These new web based information services vary from enhanced peer review systems to tracking readers and downloads of publications to free citation services. For example, the Public Library of Science (PLoSOne) gives extensive user and citation statistics of articles published in PLoSOne. The new website Faculty of 1000 (F1000) brings together reviews and rankings of biomedical publications. This enables researchers to quickly zoom in on the stuff most relevant to their own research. Google Scholar, probably the most popular academic search engine, has recently started a new service Google Citations by which one can reconstruct ones citation impact on the basis of mentions in the Google Scholar database. Microsoft started a competing search engine with slightly different capabilities: Microsoft Academic Search. It gives more options through the use of APIs (application programming interfaces), so users can collect data with the help of scripts rather than having to do everything manually. An interesting development is also the creation of new types of reference managing software. For example, Mendeley is a combination of a social networking site and a reference manager. This enables scholars to efficiently exchange their reading tips and bibliographies. And this in its turn has created the possibility to know how many readers one has. These usage statistics are public. As a result, other services can harvest this data and represent them in a combined impact monitor. One of these new tools is TotalImpactwhich aims to present “the invisible impact” of scientific and scholarly articles on the basis of a document ID (such as a DOI or a URN). It harvests use data from a variety of sources, Mendeley being one of them.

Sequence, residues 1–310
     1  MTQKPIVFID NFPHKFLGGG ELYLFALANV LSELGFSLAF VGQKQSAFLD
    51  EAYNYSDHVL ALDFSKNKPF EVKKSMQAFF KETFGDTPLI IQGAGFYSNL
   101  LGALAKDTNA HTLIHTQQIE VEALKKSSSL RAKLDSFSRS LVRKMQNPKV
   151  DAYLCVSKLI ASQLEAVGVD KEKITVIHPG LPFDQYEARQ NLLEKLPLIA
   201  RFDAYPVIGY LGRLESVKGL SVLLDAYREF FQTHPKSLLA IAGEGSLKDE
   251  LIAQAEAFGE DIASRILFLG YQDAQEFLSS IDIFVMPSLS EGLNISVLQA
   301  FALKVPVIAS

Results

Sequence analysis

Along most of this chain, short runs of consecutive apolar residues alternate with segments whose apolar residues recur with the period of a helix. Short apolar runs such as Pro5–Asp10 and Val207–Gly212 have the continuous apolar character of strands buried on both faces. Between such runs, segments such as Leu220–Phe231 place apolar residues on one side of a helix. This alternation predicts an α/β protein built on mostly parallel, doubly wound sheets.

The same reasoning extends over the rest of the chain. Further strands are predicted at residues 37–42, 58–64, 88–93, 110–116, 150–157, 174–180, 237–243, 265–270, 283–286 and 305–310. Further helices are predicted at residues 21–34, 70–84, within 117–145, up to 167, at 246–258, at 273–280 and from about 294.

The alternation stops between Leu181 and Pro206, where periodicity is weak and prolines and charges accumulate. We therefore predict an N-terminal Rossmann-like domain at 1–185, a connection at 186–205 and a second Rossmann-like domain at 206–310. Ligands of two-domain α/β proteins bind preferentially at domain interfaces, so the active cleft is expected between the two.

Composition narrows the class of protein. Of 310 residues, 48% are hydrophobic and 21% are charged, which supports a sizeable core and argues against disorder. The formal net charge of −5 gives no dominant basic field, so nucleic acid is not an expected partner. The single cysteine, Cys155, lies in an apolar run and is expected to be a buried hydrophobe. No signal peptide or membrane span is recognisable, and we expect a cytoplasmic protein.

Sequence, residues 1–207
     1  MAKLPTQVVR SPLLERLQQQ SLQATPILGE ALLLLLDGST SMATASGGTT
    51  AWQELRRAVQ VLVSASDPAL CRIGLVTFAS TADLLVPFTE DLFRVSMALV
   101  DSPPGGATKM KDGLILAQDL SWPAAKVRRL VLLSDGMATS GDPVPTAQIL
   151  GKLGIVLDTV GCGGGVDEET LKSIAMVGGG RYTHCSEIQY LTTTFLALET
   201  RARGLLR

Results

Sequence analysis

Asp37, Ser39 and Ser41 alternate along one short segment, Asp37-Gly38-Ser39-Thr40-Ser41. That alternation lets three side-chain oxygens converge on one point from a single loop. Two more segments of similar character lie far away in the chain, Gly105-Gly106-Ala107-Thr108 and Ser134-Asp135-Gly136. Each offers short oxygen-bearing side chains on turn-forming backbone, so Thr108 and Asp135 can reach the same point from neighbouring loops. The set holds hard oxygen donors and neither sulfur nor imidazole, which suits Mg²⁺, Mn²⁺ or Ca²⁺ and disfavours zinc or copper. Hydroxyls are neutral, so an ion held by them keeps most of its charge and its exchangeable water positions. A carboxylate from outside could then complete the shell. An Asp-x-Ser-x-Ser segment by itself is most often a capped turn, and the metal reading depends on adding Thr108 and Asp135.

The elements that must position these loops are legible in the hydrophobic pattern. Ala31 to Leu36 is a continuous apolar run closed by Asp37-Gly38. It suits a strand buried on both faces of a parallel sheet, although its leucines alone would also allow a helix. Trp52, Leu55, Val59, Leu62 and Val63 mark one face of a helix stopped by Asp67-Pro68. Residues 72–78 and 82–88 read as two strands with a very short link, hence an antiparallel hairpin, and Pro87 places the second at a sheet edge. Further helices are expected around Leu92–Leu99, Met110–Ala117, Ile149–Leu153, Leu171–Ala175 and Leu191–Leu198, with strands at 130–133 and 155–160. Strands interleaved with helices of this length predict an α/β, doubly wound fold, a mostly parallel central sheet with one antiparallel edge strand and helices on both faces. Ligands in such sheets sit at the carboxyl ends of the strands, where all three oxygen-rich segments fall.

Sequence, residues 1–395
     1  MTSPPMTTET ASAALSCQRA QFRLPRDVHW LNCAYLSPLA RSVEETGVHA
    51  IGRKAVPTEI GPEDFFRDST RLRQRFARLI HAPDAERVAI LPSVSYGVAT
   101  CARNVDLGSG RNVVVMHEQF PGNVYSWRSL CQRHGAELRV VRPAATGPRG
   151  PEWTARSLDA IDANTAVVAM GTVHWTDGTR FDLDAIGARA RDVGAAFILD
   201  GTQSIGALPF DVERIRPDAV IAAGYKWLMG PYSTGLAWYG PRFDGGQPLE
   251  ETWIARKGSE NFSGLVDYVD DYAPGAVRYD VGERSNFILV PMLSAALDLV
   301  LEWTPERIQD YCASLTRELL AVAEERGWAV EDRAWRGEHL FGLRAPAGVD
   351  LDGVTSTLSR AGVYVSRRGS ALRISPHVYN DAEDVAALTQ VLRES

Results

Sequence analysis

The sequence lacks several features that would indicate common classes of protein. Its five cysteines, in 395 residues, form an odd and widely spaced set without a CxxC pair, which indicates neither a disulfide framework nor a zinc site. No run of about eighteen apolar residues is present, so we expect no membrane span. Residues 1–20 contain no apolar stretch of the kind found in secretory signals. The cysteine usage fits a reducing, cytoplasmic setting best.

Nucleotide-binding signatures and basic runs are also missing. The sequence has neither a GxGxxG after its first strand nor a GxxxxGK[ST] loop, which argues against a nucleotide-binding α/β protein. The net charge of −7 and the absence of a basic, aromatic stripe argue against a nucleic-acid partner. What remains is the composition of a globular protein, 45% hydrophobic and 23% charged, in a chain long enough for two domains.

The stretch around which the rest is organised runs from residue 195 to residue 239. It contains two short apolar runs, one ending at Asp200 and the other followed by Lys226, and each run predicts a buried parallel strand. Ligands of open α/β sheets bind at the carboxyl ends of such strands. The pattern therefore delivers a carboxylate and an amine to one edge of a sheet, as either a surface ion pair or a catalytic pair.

Literature:

Beniger, J. R. (1986). The Control Revolution. Technological and Economic Origins of the Information Society. Cambridge. Massachusets, and London, England: Harvard University Press.

Van Noorden, R. (2010). Metrics: A profusion of measures. Nature, 465(7300), 864-6. Nature Publishing Group. Retrieved from http://www.nature.com/news/2010/100616/full/465864a.html

Wouters, P., & Costas, R. (2012). Users , narcissism and control – tracking the impact of scholarly publications in the 21 century (pp. 1-50). Utrecht.